January 1, 2012



STEIM (STudio for Electro Instrumental Music) is a center for research and development of new musical instruments in the electronic performing arts, located in Amsterdam. Electronic music in STEIM’s context is always strongly related to the physical and direct actions of a musician. In this tradition, STEIM supports artists in residence such as composers and performers, but also multimedia and video artists to develop setups which allow for improvisation and performance with individually designed technology. STEIM was founded in 1969 by a s group of Dutch composers seeking the reformation of Amsterdam’s feudal music structures; they enforced the first public fundings for experimental and improvised electronic music in Holland. Its premises include three studios, a concert hall, hardware and software workshops, offices, and a guesthouse for artists in residence.

For most of STEIM’s instrumental developments ‘Touch is crucial in communicating with the new electronic performance art technologies.’ As with traditional musical instruments, the physical touch of a musician contains essential aesthetic factors. These qualities tend to get lost in the non-realtime use of studio technology, in which the process of music production is distant and abstract. The Touch philosophy — which can be considered as STEIM’s interpretation of the widely used term interactivity — theoretically subsumes several stages of STEIM’s developments, from the analog touchable ‘Crackle’ surfaces in the 70s to today’s experimental Gestural MIDI Interfaces.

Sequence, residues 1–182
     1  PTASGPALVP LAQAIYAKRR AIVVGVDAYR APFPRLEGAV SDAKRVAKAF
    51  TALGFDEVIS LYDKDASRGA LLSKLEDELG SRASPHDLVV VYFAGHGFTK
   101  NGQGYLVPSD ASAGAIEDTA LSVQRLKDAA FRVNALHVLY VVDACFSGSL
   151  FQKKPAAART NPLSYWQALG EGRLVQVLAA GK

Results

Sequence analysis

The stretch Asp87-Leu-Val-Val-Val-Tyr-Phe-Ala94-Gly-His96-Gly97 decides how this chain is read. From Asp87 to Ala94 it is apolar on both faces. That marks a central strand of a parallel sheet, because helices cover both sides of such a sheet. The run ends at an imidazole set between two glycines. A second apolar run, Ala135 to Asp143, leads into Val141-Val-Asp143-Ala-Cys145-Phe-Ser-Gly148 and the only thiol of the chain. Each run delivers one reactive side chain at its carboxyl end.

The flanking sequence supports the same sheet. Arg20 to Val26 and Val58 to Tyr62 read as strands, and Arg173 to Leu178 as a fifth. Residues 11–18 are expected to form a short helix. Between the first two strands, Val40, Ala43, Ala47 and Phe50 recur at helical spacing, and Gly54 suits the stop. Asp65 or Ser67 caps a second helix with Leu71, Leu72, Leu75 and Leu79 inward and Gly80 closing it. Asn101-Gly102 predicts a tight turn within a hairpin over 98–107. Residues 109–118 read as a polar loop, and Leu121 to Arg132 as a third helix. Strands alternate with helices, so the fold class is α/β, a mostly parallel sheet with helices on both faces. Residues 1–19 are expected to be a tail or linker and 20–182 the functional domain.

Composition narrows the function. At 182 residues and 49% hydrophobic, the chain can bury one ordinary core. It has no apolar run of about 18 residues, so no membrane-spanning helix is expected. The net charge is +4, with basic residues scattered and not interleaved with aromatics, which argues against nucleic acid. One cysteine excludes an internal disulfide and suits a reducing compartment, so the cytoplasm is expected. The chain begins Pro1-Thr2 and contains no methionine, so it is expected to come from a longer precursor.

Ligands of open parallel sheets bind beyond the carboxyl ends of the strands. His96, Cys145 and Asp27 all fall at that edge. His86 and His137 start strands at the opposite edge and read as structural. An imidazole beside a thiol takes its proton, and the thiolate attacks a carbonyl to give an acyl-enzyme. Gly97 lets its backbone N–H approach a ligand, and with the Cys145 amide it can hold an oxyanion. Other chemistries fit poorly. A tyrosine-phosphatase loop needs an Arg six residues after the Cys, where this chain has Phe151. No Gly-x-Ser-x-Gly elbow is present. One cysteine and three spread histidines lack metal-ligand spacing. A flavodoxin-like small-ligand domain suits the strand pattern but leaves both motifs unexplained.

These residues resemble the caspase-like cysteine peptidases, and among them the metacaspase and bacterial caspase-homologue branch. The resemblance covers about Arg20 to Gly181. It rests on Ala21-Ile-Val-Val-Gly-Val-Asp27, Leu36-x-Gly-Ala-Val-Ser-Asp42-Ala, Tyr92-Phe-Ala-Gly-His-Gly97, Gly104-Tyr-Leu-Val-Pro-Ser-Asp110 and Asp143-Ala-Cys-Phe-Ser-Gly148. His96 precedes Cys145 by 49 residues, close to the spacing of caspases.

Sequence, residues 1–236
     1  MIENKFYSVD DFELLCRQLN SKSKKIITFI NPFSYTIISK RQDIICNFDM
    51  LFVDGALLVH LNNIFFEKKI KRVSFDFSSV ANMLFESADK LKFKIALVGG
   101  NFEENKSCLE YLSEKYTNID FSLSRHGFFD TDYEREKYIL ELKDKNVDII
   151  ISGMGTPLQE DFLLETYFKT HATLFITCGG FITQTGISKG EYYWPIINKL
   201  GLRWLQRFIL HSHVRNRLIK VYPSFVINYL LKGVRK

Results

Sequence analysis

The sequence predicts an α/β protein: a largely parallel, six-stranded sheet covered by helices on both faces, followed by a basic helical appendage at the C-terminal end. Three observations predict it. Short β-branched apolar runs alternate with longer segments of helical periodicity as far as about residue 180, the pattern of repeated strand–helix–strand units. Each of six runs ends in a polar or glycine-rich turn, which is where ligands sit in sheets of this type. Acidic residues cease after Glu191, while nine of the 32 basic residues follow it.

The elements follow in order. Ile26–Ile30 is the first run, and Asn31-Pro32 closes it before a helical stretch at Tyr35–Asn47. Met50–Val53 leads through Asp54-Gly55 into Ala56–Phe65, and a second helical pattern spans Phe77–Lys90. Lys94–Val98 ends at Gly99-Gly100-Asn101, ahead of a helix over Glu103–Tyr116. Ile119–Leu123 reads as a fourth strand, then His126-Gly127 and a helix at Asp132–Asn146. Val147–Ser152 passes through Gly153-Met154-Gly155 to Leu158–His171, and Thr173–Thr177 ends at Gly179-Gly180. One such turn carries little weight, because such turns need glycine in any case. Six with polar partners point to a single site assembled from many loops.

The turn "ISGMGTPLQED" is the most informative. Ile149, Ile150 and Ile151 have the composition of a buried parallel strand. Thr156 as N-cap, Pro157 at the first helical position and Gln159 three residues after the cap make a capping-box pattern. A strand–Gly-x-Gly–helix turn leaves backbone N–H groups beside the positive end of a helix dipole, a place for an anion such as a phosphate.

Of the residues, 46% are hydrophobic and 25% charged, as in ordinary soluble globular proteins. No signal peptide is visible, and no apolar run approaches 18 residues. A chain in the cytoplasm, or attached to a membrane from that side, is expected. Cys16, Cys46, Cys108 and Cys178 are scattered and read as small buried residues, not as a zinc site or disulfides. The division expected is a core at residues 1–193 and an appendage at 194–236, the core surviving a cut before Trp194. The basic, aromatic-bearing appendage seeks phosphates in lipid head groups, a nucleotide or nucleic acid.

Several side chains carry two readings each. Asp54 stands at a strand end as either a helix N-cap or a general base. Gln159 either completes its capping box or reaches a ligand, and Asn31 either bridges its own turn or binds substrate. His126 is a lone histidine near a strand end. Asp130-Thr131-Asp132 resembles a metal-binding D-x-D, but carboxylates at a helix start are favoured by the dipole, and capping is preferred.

January 1, 2012



The Kraakdoos (or Cracklebox) is a custom made battery-powered noise-making device. It is a small box with six metal contacts on top, which when pressed by fingers generate all manner of unusual sounds and tones. The human body becomes a part of the circuit and determines the range of sounds possible — different people will generate different results.

The concept was first conceived by Michel Waisvisz and Geert Hamelberg in the 1960s, and developed further in the 1970s when Waisvisz joined STEIM (STudio for Electro Instrumental Music) in Amsterdam. The kraakdoos is a simple device, based around a single operational amplifier (one of the earliest models to be produced) and a few transistors, and can be easily constructed by someone with a basic understanding of electronics.